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Poker Tournament Trail -- Ted Lawson on Pot-Limit Omaha

Divulges Strategies Coming Off of a Win at Bellagio's Festa al Lago

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Ted LawsonThe $10,000 pot-limit Omaha tournament at the 2009 Festa al Lago Classic concluded on Saturday, Oct. 17, and Ted Lawson (pictured right) topped the field to walk away with the $62,080 top prize and a Bellagio championship Rolex. Players that he surpassed on the way to winning the tournament included Matt Glantz, Pat Walsh, Justin Young, and Erik Cajelais on day 1, and Chris Bjorin, Ben Lamb, Jim Egerer, David ‘Devilfish’ Ulliott, and Jason Mercier at the final table. Lawson now holds $2,234,717 in career winnings. This tournament win was his second pot-limit Omaha tournament title. His first came when he won the $5,000 pot-limit Omaha event at the 2004 World Series of Poker.

Card Player caught up with Lawson after his win at Bellagio, and he spoke about his approach to pot-limit Omaha.

Ryan Lucchesi: It was a small field today, but a tough win considering the quality of this field. What did you change from your normal tournament strategy?

Ted Lawson: I basically played the same way, because once you get down to a final table, it is still the final table. And this was a tough final table, it really was; we had some good players here. Devilfish is good, and of course it’s always fun to bust Devilfish [laughs]. It was certainly a smaller field getting here, but it still took a long time.

RL: You have had some success in pot-limit Omaha events. What is your guiding principal for the game?

TL: What I do basically is I wait for quality hands. I do a little less bluffing. Unless the hand is set up a certain way, then I will bluff for a certain reason, but not just to toss the chips in at the end. I find that if you just wait for quality hands and get your money in right, then you have the best chance. I’ve placed in four WSOP Omaha events, and won a bracelet in one, as well. I’ve got a set way of playing it … I think some people were more aggressive when we got down to fewer players in this event, but it’s actually smarter to go the other way. Get your money in right and be strong. The other thing is that I don’t like betting hands on the come, for the most part. I want made hands, so I’m doing a lot of limping, calling, and trapping.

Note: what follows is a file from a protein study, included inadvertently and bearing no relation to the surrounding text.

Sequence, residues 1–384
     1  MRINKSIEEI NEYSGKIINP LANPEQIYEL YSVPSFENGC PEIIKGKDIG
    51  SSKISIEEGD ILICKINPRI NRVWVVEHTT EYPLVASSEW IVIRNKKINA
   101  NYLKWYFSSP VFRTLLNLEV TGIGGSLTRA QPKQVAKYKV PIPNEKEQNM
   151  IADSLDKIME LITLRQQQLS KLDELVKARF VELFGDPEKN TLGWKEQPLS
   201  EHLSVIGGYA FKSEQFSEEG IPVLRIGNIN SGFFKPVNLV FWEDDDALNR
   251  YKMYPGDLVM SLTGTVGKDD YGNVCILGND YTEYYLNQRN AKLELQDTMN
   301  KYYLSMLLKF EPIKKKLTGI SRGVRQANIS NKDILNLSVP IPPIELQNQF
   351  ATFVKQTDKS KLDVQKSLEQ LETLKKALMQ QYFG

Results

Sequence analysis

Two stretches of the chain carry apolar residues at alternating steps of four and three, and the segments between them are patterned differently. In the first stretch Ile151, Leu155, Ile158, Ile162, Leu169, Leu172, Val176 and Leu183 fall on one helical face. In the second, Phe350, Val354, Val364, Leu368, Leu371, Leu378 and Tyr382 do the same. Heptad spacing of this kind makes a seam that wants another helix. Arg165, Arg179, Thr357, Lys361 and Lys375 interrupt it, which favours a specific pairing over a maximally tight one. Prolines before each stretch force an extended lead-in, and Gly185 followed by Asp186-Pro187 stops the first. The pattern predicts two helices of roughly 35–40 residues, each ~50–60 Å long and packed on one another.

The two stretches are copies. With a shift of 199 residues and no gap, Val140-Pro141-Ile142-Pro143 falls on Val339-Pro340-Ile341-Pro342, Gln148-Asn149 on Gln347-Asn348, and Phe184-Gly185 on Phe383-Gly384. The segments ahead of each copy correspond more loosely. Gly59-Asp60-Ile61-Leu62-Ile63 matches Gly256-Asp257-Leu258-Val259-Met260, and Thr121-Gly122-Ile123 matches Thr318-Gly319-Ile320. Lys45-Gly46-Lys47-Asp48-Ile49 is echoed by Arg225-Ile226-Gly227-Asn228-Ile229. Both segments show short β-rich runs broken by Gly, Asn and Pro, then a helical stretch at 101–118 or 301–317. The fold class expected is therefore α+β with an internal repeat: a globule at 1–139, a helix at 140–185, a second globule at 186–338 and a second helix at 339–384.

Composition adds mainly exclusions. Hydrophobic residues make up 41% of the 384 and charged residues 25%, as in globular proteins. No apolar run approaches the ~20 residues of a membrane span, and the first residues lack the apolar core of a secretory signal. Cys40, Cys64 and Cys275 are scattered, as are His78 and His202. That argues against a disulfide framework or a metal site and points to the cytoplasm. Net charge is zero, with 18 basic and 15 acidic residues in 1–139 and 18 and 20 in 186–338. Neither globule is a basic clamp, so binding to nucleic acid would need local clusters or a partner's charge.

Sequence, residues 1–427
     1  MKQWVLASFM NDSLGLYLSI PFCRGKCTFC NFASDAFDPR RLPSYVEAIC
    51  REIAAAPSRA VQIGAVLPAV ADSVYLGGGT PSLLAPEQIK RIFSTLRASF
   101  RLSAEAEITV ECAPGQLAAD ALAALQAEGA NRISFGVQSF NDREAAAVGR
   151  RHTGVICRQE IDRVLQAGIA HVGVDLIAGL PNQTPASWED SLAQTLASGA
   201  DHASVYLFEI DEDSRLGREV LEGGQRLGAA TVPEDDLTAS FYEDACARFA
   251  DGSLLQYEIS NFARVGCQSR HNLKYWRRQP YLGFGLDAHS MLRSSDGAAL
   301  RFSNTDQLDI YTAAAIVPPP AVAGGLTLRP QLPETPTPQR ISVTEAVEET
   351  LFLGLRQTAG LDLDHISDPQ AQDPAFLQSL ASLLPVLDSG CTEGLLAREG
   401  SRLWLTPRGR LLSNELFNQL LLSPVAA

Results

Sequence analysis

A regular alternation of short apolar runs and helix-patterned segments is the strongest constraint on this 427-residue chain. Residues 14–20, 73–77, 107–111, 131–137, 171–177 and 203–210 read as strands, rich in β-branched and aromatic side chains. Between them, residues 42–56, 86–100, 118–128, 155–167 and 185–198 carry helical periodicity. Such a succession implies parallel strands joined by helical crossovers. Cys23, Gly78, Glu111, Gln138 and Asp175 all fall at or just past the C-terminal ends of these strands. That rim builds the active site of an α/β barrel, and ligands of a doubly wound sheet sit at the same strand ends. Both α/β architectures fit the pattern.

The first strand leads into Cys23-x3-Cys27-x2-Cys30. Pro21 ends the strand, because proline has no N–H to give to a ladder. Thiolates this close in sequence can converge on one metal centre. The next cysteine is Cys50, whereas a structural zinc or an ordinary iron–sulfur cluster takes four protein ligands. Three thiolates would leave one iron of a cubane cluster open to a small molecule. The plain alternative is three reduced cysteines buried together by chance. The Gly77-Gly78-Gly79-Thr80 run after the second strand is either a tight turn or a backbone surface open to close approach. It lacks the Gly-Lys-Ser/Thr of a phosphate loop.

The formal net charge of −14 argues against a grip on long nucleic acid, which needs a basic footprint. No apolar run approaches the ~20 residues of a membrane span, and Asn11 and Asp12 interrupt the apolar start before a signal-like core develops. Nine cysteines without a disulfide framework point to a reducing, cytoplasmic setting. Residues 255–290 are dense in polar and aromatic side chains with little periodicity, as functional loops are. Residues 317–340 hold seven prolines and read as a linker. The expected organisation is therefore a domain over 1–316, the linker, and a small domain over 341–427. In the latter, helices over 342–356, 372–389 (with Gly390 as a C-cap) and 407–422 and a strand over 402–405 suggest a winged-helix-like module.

RL: Do you like playing at a final table with a player like Devilfish? Do you think he keeps things loose from your vantage point as an opponent?

TL: I get a lot of luck with David; he’ll tell you that I have busted him a bunch of times. I don’t think he’s ever gotten the best of me … First of all, he’s really funny. And I like the guy, I do, I genuinely like the guy. I enjoy playing with him. I enjoyed playing with the better players today; I don’t know what it is, but I think I concentrate more. When I’m playing with Negreanu or Lederer, I play better.

RL: Tell me about the big hand that swung the momentum your way when you nearly tripled up at the final table. Was that a perfect example of your patience rewarding you with the right hand in the right spot?

TL: I completed on the button, and I had two aces double-suited, and the two cards I was double-suited with were semi-connected … let’s get it in. It was similar to a key hand when I won my World Series bracelet. That hand was just before we got down to the money bubble; I had the same thing, I was doubled-suited with two aces, where the two cards were semi-connected. I flopped a straight and I turned a flush.

 
 
 
 

Comments

built2last
almost 12 years ago

Are we really going to take PLO advice from a player who cant read the board and calls with a "straight" on the end when no straight is even possible?

 
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vortexx
almost 12 years ago

Maybe, maybe not. But I'll certainly listen to a "two" time champion.

 
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ribout
almost 12 years ago

Alright built2last that's enough.

Ted Lawson made that move in 2004 at his 1st wsop. That was 5 yeas ago. Get over it. He has since put allot of time into his plo game and is doing quite well. He is good friends with Lee Watkinson who is one of the best at this game and has without a doubt helped him bring his game to a world class level.

I'm sure you've made some mistakes in the beginning of your carrer aswell. Don't be so quick to judge.

Congrats on the win against a tough short field Ted.

 
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SevenKidsPoppy
almost 12 years ago

We should take advice from anybody, especially someone with $2.2 million in lifetime tournament winnings.

 
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